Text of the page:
Press Release: Metropolitan Police asked to investigate British citizens that join the IDF

The International Centre of Justice for Palestinians (ICJP) has asked the Metropolitan Police’s War Crimes Unit to investigate British citizens who join the IDF, as part of the Mahal volunteer programme, for suspected international crimes. To read the official press release, click here.

18th July 2022

LONDON – On 1st June 2022, the Metropolitan Police’s Counter Terrorism Command which includes the War Crimes Team was asked to open an investigation into British citizens joining the Israeli Defence Forces (IDF). The request was made by the International Centre of Justice for Palestinians (ICJP) who raised concerns about British citizens recruited to the IDF to take part in Israeli military operations in full combat roles through the Mahal volunteer programme. Given the range of grave criminal acts and international crimes that are committed in Israel/Palestine by the IDF, it is highly likely that these Britons could be actively involved in war crimes as part of their recruitment duties.

The Metropolitan Police have actively investigated British citizens who have fought in other jurisdictions, however, to-date, the ICJP are not aware of any Britons who joined the IDF being investigated by the Metropolitan Policy.

The ICJP are requesting that Scotland Yard identify, investigate and potentially prosecute British citizens who are alleged to have participated in international crimes under the UK’s counter terrorism legislation. The S015 War Crimes Unit have acknowledged receipt of the request, which is currently under their review.

The dossier submitted by the ICJP contains details of war crimes and crimes against humanity, including but not limited to, breaches of the Fourth Geneva Convention allegedly committed at times when Britons were serving in the IDF. These include torture and other cruel, inhuman or degrading treatment, the use of ‘human shields’ and unlawful killings, collective punishment, blocking of humanitarian relief and medical assistance, and the destruction of property without military necessity.

The UK Government’s position on, and approach to, dealing with other British citizens that fight abroad as part of government and non-governmental forces is that individuals should (a) not do so, and (b) could face prosecution on their return to the UK.

The ICJP contends that it is an indisputable fact that members of the IDF have committed or been involved in war crimes or acts that fall foul of national counter terrorism legislation. The evidence points to it being highly likely that British citizens joining those forces for extended periods may have themselves committed crimes which are contrary to UK law and the British Government’s international obligations.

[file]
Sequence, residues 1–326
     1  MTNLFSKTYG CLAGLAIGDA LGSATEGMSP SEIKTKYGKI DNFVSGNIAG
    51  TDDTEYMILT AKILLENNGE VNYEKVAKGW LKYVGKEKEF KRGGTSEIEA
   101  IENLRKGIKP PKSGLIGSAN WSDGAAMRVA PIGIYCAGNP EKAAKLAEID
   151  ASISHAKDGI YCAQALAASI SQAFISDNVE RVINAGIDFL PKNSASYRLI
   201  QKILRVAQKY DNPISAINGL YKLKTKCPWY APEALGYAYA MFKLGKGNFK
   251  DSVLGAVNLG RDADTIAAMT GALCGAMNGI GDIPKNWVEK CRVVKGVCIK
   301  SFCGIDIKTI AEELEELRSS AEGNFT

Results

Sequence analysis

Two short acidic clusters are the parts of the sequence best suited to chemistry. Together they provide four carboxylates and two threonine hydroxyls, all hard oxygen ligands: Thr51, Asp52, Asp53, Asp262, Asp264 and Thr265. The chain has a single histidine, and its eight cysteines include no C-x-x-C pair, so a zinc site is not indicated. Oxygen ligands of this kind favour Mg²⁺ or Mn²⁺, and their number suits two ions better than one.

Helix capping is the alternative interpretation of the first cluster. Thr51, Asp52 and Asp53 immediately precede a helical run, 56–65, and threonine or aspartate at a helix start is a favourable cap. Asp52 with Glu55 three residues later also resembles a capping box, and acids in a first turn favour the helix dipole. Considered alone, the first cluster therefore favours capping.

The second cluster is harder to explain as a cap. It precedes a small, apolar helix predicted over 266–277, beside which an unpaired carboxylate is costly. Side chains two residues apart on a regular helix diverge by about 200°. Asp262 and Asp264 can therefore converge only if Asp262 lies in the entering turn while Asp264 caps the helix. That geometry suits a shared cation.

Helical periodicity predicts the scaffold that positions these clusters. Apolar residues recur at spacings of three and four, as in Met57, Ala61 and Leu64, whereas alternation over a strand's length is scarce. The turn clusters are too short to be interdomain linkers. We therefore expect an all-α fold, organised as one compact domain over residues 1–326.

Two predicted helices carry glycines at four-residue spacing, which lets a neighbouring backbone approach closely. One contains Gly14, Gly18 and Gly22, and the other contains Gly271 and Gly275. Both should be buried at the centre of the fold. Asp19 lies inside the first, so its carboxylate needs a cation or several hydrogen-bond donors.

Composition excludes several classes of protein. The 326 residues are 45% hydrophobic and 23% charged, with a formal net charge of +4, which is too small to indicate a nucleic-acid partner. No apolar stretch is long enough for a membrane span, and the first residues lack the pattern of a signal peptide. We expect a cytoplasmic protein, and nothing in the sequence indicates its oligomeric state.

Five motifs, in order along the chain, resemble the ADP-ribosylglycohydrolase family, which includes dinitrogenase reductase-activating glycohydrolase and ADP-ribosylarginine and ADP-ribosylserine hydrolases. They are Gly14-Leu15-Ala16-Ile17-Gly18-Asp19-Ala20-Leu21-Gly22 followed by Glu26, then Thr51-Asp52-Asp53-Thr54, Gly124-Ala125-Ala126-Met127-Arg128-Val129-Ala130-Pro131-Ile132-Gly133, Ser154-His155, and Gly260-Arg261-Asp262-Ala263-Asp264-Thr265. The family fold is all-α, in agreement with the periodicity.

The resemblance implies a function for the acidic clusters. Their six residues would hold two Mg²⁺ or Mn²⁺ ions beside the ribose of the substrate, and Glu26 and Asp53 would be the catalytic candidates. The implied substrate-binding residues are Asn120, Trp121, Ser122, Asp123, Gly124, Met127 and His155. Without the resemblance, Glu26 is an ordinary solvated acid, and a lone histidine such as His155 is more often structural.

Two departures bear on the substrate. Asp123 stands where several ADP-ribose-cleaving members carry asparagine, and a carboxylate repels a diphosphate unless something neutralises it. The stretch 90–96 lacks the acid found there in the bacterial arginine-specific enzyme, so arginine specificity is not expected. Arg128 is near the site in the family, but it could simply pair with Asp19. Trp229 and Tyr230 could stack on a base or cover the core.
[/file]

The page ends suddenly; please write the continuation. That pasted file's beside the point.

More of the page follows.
Notably, the ICJP have not been able to identify a single case in which the authorities have:

  1. Investigated whether any British citizen, currently participating in or supporting Israeli military action, has been involved in international crimes and terrorism;
  2. Investigated any person who has entered the UK after potentially participating in international crimes as part of the IDF;
  3. Discouraged individuals from joining Mahal due to the likelihood that they could become involved in international criminal and/or terrorist activity; and
  4. Intervened to safeguard British citizens from radicalisation which would lead to them committing international crimes or terrorist activities as part of the Israeli security forces.

Each of these steps has been taken in respect to individuals that travelled to Syria, and some of these steps have been taken in respect of individuals who have or intend to travel to Ukraine. Although there have been petitions to parliament and statements by politicians on the impartial application of this policy with regard to Israel and the IDF, as far as we are aware, this is the first legal submission sent to S015 from lawyers demanding that counter-terrorism legislation and policy is applied in a non-discriminatory way.

Rhys Davies, a British international criminal law Barrister said, “Scotland Yard is currently concerned by British citizens travelling to fight in Ukraine. Prior to this, focus has been on individuals travelling abroad to fight in Syria. It is important that these issues also demand attention. British citizens training and fighting in Israel and Palestine should also be the subject of investigation, in order to ensure this country’s obligations under international law are met.”

Yuval Joyce Shalev, the ICJP caseworker and analyst who worked on the dossier stated, “As a matter of principle, Scotland Yard should see to it more forcefully that British nationals who chose to join the IDF and fight in full combat roles are investigated just as those who join other foreign military forces are. The lack of application of this policy to those who join the IDF betrays a truth about British policy on Israel: it is, on the whole, woefully lenient. Those who go abroad of their own volition and perpetrate international crimes and terrorism must be prosecuted, irrespective of their religious or ethnic background.”